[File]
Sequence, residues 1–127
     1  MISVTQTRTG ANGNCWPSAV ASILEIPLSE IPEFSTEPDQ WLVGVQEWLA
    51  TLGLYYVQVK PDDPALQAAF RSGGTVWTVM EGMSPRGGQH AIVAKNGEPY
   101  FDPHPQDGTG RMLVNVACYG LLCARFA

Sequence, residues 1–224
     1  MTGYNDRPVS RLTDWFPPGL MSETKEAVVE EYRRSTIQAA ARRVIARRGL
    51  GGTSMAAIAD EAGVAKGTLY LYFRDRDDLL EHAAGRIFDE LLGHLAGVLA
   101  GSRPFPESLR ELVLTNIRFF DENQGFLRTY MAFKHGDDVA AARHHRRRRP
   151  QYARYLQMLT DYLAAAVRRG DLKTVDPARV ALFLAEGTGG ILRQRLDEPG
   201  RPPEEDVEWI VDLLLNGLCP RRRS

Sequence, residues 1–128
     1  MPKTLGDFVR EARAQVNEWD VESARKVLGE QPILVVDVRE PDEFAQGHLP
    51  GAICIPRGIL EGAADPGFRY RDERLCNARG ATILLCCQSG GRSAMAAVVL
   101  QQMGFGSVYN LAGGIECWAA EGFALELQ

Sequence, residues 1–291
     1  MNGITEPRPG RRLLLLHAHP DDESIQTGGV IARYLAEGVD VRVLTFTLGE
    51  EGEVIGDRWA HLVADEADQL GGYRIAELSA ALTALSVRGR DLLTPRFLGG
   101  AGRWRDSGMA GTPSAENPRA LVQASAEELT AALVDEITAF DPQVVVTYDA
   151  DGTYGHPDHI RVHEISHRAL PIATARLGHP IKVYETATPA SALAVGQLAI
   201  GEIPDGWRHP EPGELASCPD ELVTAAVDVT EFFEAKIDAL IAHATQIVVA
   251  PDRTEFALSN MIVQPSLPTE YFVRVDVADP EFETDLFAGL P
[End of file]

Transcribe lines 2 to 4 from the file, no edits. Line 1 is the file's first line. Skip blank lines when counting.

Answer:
     1  MISVTQTRTG ANGNCWPSAV ASILEIPLSE IPEFSTEPDQ WLVGVQEWLA
    51  TLGLYYVQVK PDDPALQAAF RSGGTVWTVM EGMSPRGGQH AIVAKNGEPY
   101  FDPHPQDGTG RMLVNVACYG LLCARFA